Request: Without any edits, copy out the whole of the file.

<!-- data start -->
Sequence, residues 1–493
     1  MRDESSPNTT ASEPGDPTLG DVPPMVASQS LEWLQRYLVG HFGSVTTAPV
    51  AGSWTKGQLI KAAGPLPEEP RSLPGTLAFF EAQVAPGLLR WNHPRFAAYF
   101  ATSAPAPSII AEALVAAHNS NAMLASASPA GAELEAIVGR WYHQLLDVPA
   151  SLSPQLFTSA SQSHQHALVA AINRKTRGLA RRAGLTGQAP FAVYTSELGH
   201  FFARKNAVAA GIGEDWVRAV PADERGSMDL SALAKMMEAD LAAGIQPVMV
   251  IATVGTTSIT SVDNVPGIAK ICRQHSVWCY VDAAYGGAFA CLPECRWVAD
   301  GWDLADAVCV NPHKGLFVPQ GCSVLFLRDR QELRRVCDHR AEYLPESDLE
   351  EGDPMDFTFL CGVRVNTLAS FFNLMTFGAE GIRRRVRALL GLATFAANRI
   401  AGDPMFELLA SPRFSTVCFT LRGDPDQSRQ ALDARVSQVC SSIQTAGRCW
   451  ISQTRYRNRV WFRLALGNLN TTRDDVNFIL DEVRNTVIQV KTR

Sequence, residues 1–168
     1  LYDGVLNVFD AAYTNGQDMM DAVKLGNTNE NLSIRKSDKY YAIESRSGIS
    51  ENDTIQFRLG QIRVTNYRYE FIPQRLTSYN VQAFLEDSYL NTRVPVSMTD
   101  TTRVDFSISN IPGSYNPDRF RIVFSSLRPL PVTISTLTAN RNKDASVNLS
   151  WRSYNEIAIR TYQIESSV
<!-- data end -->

Sequence, residues 1–493
     1  MRDESSPNTT ASEPGDPTLG DVPPMVASQS LEWLQRYLVG HFGSVTTAPV
    51  AGSWTKGQLI KAAGPLPEEP RSLPGTLAFF EAQVAPGLLR WNHPRFAAYF
   101  ATSAPAPSII AEALVAAHNS NAMLASASPA GAELEAIVGR WYHQLLDVPA
   151  SLSPQLFTSA SQSHQHALVA AINRKTRGLA RRAGLTGQAP FAVYTSELGH
   201  FFARKNAVAA GIGEDWVRAV PADERGSMDL SALAKMMEAD LAAGIQPVMV
   251  IATVGTTSIT SVDNVPGIAK ICRQHSVWCY VDAAYGGAFA CLPECRWVAD
   301  GWDLADAVCV NPHKGLFVPQ GCSVLFLRDR QELRRVCDHR AEYLPESDLE
   351  EGDPMDFTFL CGVRVNTLAS FFNLMTFGAE GIRRRVRALL GLATFAANRI
   401  AGDPMFELLA SPRFSTVCFT LRGDPDQSRQ ALDARVSQVC SSIQTAGRCW
   451  ISQTRYRNRV WFRLALGNLN TTRDDVNFIL DEVRNTVIQV KTR

Sequence, residues 1–168
     1  LYDGVLNVFD AAYTNGQDMM DAVKLGNTNE NLSIRKSDKY YAIESRSGIS
    51  ENDTIQFRLG QIRVTNYRYE FIPQRLTSYN VQAFLEDSYL NTRVPVSMTD
   101  TTRVDFSISN IPGSYNPDRF RIVFSSLRPL PVTISTLTAN RNKDASVNLS
   151  WRSYNEIAIR TYQIESSV